Usawa: Teachers Should Be Posted to Neighbouring Wards
Usawa Agenda has welcomed the move to reverse the government’s teacher delocalisation and transfer policy as recently approved by Parliament.
In its recommendation to the Presidential Working Party on Education Reforms, Usawa Agenda is however opposed to the idea of transferring teachers to their wards.
The group said posting a teacher to their ward disheartens parents as most of them work for the teachers as farmhands to earn a living.
“The closest a teacher should be posted is in a neighbouring ward save for specific areas that may have transport-related challenges due to their vastness or security situation,” it says in its report.
On November 3, MPs unanimously approved a motion by Lurambi MP Titus Khamala to successfully reverse the policy which has been a subject of debate among the various education stakeholders.
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Hundreds of teachers have already applied to be transferred close to their homes.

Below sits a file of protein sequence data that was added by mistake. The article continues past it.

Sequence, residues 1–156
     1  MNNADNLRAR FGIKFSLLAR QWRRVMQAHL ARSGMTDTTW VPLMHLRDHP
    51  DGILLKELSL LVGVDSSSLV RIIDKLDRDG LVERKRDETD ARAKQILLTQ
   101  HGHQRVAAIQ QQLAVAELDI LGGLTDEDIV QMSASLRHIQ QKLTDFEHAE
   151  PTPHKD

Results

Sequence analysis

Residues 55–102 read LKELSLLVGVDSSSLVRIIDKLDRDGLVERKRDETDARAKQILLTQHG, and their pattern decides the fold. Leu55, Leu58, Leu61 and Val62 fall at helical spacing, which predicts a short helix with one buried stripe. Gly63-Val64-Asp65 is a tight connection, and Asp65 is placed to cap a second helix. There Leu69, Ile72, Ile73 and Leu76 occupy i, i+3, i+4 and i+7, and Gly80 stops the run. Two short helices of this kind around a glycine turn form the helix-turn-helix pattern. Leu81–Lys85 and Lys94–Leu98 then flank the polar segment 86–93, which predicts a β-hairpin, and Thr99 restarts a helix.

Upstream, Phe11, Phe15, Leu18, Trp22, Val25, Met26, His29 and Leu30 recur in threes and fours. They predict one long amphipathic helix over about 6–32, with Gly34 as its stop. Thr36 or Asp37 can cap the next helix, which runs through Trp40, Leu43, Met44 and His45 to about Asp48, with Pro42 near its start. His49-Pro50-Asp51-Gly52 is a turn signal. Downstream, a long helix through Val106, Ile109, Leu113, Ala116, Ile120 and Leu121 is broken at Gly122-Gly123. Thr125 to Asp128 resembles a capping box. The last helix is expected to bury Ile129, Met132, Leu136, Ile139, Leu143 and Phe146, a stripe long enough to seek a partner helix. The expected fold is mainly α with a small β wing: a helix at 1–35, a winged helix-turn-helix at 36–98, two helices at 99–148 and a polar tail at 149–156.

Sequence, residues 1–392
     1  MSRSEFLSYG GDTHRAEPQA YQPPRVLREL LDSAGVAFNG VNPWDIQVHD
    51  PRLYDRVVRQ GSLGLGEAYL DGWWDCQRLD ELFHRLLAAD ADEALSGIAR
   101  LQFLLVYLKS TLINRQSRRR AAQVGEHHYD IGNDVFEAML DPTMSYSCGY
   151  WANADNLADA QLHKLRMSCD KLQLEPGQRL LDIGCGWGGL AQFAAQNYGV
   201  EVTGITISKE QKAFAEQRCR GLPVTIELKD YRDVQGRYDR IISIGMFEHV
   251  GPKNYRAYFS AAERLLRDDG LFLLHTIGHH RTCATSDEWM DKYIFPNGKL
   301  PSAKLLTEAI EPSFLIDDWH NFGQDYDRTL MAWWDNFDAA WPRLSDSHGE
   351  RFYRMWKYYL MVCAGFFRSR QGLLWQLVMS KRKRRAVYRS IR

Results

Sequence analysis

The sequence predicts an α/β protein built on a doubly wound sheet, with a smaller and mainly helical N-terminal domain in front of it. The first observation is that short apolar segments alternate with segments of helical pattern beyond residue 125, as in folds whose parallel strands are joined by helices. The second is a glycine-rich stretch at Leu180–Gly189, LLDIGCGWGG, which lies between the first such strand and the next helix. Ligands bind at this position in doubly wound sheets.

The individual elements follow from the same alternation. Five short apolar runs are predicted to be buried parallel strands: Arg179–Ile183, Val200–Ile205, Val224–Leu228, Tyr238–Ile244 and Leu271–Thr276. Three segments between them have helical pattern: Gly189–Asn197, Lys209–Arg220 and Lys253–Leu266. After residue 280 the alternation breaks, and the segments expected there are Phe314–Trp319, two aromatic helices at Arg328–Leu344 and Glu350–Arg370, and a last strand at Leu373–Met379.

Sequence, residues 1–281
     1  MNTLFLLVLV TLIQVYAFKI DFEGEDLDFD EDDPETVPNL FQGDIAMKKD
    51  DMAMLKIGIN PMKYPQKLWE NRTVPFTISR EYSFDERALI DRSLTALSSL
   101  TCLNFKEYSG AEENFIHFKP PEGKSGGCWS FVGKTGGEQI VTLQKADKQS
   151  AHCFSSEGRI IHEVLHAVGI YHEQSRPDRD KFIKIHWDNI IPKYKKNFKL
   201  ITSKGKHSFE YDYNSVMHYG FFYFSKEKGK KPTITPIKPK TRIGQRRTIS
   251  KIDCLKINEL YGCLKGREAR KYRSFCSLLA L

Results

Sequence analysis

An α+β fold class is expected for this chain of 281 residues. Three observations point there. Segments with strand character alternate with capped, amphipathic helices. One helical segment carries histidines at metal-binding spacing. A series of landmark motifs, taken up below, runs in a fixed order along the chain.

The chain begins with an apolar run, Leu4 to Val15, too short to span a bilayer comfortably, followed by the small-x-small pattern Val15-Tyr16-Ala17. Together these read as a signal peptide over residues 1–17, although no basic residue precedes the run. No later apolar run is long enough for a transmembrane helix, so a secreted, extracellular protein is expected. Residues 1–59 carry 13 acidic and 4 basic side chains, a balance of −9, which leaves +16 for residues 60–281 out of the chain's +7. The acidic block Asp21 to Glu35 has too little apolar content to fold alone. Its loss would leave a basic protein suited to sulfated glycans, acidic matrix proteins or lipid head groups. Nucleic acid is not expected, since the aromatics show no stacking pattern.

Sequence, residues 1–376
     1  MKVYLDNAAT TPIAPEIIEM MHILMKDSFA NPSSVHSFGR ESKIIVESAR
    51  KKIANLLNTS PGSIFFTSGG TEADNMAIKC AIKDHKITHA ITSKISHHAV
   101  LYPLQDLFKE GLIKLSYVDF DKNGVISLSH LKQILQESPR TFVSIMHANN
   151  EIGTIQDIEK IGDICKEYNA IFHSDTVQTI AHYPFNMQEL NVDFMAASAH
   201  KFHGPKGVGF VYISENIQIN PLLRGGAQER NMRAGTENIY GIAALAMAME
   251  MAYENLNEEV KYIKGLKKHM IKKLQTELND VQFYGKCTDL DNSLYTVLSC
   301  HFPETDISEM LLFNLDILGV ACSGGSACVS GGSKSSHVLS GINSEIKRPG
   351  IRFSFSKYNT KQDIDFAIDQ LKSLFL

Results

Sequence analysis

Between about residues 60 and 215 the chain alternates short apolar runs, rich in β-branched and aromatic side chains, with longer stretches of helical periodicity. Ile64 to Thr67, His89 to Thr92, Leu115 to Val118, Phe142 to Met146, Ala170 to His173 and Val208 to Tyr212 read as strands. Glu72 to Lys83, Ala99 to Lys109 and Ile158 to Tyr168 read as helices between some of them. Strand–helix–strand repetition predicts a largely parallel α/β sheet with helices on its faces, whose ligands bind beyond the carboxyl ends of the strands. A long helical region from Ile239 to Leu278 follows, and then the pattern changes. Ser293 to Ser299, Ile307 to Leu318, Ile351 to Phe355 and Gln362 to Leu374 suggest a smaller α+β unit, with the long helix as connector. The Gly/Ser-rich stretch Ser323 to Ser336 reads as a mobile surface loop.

The non-profit organization also called for an amendment of the TSC Act to make it mandatory to ensure a fair distribution of teachers across the country and different categories of schools.
The current teacher deployment framework, it states, has greatly disadvantaged hardship areas of the country, most of which continue to suffer perennial teacher shortages.
“As it is now TSC is not mandated to ensure equity in teacher distribution. Once it deploys a headteacher to a new school, it has fulfilled its mandate, deployment of additional teachers then depends on “availability,” the 13-page report says.
On capitation, the lobby wants the state to review the model noting as it is established learning institutions are being favoured to the detriment of small schools.
The group’s executive director Emmanuel Manyasa said the capitation model will provide for a fixed component to enable small schools to invest in their capacity development.
Manyasa said the capitation to be provided to low-cost private schools is a priority because they play a major complementary role to the government in the provision of basic education.
“It is simple to implement, but inequitable and inadequate in addressing the funding needs of the school system,” he said.
“The funding should be targeted to those in need and provide differential amounts per learner based on their needs.”
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